Leon, the international chain of healthy fast food restaurants, is making radical changes to its business model in a bid to be more sustainable.
The company, which boasts 52 outlets, today unveiled ambitious plans to oust plastic from all its restaurants, drastically reduce the amount of red meat in its recipes and move away from fossil fuels.
Speaking to MT today, co-founder John Vincent admitted that replacing plastic straws with paper varieties and moving to compostable cutlery would lead to a 30% increase in costs.
He added: 'All the stores, in which we control the energy purchasing, now run on solar or wind power. That has also meant a further 30% increase in bills.'
The move will heap extra financial pressure on the chain at a time when many rivals are being driven out of business. 'Property prices have been inflated by the asset bubble, rates have gone up so far it’s unreal…' said Vincent. 'The UK restaurant industry has become uneconomical. We are one of the few winners in the industry.'
According to the 46-year-old entrepreneur, trading some profitability in pursuit of a healthier planet is a worthy trade-off. 'We used to say at Leon, "Do the right thing, not the easy thing". Now we say, "Make the right thing the easy thing".'
Vincent said that business leaders have an obligation to the next generation to build more sustainable businesses. 'They won’t thank us if we don’t.'
He also slammed the government for its lack of guidance on sustainability. 'I’d like to sit down with Michael Gove [Secretary of State for Environment, Food and Rural Affairs] and ask him how we can balance the nutritional needs of the individual with the environmental needs of the planet and the financial needs of the economy,' he said. 'The government needs to come up with a coordinated plan.'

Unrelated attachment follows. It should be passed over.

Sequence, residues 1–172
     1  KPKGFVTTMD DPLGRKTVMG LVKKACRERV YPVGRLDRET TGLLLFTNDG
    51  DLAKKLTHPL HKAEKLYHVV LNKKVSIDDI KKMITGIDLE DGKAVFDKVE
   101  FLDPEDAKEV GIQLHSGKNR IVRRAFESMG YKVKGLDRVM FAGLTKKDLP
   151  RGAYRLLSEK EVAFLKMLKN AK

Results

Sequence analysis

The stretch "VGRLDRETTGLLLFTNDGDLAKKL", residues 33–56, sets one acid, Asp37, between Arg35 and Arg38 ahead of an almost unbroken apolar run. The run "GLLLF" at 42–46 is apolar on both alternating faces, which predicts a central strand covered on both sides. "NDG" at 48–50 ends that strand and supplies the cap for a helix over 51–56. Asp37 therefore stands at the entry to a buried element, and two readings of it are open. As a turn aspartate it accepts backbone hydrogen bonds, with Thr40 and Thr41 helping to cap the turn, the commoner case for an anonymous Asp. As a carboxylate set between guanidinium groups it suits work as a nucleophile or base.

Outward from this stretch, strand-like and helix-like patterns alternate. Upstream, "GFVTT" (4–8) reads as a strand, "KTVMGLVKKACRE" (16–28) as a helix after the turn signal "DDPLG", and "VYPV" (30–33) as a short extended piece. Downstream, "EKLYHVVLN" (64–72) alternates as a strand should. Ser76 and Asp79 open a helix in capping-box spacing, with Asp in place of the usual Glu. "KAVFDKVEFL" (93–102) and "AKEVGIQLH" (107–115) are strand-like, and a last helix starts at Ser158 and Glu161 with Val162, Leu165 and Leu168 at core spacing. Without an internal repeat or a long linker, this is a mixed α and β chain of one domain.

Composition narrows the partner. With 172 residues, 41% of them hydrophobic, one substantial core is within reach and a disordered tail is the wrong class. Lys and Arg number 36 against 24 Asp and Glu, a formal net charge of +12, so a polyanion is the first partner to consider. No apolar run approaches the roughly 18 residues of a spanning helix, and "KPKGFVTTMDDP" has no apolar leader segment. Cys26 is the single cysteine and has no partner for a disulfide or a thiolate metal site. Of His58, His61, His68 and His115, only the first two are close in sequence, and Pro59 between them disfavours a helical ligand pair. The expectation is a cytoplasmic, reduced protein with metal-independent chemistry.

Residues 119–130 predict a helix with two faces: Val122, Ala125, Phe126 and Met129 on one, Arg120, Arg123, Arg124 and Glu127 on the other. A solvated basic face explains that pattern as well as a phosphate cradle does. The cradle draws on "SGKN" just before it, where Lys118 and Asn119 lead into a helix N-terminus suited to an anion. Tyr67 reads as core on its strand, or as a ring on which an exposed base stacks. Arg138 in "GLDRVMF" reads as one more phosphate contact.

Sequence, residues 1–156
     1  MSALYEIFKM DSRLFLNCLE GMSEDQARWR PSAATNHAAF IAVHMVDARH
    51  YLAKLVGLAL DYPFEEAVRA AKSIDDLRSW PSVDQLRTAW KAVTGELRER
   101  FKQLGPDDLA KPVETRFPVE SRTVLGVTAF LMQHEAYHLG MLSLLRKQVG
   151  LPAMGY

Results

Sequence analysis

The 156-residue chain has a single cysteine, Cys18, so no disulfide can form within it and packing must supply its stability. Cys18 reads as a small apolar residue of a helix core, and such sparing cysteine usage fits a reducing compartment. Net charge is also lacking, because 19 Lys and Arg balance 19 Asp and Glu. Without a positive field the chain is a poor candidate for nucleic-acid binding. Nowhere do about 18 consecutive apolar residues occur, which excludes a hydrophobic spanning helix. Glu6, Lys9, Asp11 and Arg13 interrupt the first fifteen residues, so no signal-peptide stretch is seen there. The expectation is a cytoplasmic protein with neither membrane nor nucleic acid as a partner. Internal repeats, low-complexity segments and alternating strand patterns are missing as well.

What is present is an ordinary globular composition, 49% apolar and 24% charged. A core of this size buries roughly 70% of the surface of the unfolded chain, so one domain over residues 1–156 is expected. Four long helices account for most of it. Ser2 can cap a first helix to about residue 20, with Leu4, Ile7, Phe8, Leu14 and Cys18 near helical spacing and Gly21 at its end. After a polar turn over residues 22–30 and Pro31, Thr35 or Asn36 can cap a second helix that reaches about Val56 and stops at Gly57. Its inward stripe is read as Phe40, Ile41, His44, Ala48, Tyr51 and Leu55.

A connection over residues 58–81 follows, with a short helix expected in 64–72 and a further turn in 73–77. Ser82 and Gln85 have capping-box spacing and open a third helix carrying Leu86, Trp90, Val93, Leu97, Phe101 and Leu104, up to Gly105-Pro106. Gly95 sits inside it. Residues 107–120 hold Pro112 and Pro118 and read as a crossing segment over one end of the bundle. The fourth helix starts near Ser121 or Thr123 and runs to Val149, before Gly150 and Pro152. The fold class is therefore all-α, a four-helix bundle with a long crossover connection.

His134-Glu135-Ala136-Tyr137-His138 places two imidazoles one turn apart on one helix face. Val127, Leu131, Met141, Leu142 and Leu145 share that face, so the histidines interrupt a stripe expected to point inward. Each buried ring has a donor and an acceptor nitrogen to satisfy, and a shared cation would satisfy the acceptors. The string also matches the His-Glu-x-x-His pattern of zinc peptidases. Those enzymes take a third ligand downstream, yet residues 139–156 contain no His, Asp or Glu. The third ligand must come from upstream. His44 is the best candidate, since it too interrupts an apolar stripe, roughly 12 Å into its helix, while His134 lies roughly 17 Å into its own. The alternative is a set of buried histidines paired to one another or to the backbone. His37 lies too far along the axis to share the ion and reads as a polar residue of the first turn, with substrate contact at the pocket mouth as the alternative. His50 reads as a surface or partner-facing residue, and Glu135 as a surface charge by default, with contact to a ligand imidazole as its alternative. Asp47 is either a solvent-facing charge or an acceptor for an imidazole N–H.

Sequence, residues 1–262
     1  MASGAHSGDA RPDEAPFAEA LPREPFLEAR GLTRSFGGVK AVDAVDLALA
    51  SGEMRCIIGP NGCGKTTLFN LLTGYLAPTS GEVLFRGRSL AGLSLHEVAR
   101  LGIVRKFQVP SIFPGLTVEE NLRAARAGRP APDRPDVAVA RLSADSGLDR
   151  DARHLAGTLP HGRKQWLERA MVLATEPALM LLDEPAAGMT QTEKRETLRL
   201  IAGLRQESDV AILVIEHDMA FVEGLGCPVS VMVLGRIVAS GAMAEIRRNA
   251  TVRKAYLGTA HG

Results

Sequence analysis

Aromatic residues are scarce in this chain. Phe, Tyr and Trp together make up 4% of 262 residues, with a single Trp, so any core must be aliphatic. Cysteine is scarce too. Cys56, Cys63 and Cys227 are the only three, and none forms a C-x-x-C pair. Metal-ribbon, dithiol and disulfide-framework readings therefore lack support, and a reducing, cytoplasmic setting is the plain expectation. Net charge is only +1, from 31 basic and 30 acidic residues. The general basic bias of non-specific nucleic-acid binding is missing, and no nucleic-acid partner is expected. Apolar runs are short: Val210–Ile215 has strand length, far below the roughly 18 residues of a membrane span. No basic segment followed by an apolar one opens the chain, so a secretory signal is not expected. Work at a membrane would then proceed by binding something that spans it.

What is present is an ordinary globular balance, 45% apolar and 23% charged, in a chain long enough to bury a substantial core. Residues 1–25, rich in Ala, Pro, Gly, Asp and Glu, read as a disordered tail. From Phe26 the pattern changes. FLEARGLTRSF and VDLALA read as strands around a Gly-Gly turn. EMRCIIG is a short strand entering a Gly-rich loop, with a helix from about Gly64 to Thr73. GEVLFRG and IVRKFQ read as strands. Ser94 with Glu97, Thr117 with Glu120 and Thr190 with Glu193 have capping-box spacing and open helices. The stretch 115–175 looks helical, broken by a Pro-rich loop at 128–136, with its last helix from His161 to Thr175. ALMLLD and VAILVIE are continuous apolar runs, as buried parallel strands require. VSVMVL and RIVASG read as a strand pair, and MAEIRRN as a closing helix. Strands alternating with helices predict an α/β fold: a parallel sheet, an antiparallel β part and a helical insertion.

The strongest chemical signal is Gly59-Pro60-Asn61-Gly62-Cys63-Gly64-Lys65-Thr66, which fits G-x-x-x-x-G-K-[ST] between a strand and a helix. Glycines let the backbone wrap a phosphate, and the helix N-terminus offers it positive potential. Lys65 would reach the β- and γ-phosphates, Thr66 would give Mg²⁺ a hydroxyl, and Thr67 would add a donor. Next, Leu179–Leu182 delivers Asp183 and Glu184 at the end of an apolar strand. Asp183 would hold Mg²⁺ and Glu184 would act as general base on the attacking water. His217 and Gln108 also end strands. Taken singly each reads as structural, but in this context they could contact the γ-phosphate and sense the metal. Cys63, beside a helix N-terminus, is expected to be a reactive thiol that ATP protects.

Vincent called the government’s views on sustainable business,'outdated', claiming that businesses are encouraged to work out how to make money first and consider the environment second.
'If we were a Brazilian tribe, we wouldn’t poison our rainforest, kill all the birds and chop down the trees, then go to a charity event and buy a shirt signed by Jonny Wilkinson to make ourselves feel better,' he said.
Leon’s new sustainable strategy was devised in partnership with John Sauven, executive director of Greenpeace, the environmental charity, and Dr Robert Verkerk, founder of the Alliance for Natural Health.
Leon, which was founded in 2004 by Vincent and food campaigner Henry Dimbleby, opened 10 restaurants last year and plans to open a further 12 in 2018. The chain, which has three stores in the Netherlands, is poised to open its first branch stateside, in Washington DC, following significant delays. It will also launch its first outlet in Norway.
Image credit: Leon